5 Key Points When Holding A Team Meeting

5 Key Points When Holding A Team Meeting

Ask most people to describe meetings at work and the adjectives likely to be used are, “boring”, “long” and “worthless”.

This is especially true if you have a team who are itching to get into the kitchen and prepare for the day ahead. The last thing they want to do is sit and listen to you, no matter how important you feel the meeting is.

You need to change the way you run your meetings so your staff don’t see them as a chore and leave thinking the time spent was useful.

So here are five ways you can run a successful meeting and ensure you always leave a positive impression.

Measure the mood
If you want your staff to leave impressed, make sure you exceed their expectations. One way of going above and beyond- without even realising it- is to take a mental note of the mood of each person as they arrive and sit down.  Use a basic scale of 1-10; the lower the number, the more unhappy or irritated the person appears.  Then use that information to tailor your actions throughout the meeting.  This is about knowing your audience.  When you go out of your way to lighten the mood and make everyone feel comfortable, attendees begin to relax and focus on the topic at hand.

Remove distractions
Try to limit or remove those items that can cause distractions.  Whenever possible ask attendees to silence their mobiles.  An agenda can also be a distraction.  Why?  It’s easy for someone to review the agenda and skip ahead in their mind. When someone anticipates a topic of discussion they may be more focused on their own response or input than what you have to say.  If it’s important to deliver specific detail or facts, hand out reports etc. when you get to that topic.

Build rapport
The first few minutes of a meeting usually involve some level of chit-chat.  It’s likely that your team work closely together so the small talk will be more personal.  Small talk helps build camaraderie but not everyone enjoys idle chit chat. If everyone agrees to start on a positive note, go around the room and ask if anyone has some good news to share or something they want to celebrate.  Limit the social time though, and then focus on the business at hand.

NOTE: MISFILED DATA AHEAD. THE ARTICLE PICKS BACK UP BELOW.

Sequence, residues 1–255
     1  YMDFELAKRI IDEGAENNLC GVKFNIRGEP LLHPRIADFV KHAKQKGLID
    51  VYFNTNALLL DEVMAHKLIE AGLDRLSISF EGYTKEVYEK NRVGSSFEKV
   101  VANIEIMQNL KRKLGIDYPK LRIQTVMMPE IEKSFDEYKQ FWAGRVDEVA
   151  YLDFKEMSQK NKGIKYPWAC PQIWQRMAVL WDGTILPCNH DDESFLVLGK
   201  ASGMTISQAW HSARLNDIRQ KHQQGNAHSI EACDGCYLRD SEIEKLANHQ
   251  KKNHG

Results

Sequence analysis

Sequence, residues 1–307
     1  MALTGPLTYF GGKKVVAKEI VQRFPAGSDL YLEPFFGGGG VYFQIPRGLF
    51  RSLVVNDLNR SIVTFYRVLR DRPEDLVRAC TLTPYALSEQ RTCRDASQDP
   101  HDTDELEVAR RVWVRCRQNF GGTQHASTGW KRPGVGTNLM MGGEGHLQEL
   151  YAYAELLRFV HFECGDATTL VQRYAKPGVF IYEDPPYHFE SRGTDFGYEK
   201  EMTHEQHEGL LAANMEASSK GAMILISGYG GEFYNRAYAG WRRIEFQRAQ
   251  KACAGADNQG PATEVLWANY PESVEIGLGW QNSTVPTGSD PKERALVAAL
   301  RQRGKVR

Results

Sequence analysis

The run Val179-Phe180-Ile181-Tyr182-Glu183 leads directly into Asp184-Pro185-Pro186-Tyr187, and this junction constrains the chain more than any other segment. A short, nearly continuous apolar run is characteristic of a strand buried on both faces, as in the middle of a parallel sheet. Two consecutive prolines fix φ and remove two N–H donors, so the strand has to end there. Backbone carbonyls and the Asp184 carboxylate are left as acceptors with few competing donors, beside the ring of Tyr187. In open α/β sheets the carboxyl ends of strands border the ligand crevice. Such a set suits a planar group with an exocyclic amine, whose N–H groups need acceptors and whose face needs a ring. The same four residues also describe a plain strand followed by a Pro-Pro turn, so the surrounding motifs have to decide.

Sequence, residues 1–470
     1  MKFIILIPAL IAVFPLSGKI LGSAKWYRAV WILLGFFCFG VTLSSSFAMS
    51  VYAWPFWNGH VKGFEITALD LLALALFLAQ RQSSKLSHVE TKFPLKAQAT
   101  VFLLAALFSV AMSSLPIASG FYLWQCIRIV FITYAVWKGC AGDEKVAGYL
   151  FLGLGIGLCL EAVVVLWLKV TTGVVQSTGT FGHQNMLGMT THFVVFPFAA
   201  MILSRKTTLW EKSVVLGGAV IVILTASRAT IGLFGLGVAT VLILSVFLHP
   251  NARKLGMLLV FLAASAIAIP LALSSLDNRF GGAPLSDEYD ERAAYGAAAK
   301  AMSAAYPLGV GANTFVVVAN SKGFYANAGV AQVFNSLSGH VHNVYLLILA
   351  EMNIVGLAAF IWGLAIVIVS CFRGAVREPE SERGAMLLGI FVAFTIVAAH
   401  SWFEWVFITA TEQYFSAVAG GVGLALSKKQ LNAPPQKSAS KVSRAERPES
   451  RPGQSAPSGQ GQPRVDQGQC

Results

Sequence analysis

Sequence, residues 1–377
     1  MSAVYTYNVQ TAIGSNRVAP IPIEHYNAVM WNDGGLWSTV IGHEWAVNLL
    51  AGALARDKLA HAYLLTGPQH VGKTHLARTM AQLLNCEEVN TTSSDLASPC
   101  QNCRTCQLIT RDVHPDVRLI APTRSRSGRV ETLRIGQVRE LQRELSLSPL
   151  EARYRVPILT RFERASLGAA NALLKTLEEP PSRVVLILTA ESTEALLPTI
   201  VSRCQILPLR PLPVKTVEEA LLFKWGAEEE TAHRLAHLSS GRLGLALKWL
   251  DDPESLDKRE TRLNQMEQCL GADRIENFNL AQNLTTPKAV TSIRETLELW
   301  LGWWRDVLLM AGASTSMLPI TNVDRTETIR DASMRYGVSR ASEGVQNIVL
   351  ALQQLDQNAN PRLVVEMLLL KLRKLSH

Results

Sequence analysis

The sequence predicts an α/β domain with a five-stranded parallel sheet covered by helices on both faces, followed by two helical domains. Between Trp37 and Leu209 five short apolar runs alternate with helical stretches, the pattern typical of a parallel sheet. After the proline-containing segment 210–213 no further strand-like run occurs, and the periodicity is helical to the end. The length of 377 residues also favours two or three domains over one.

Open with a question
The type of question will depend on the reason for the meeting.  If there is a problem that needs to be discussed, ask attendees how they’d feel if they had to deal with the problem. The question will help you hone in on what matters most to the group.  Once everyone’s concerns and personal motivations are addressed, you’ll be able to focus on running an efficient and productive meeting.

Show them why they should care
Passion is contagious. If you tell someone your plans and they’re not as excited as you are, don’t become frustrated because they don’t “get it”. It’s unfair to expect everyone to be as excited as you. Instead demonstrate why the idea is important, relevant and profitable. The most successful meetings focus on the big picture and do much more than rely on facts and figures. Tell the story of your concept. How did you get the idea? Was there a particular catalyst? The more personal the story, the better.

Once you start to run meetings using the five tips above, your staff will be much more open to attending. Who knows, they might even look forward to them!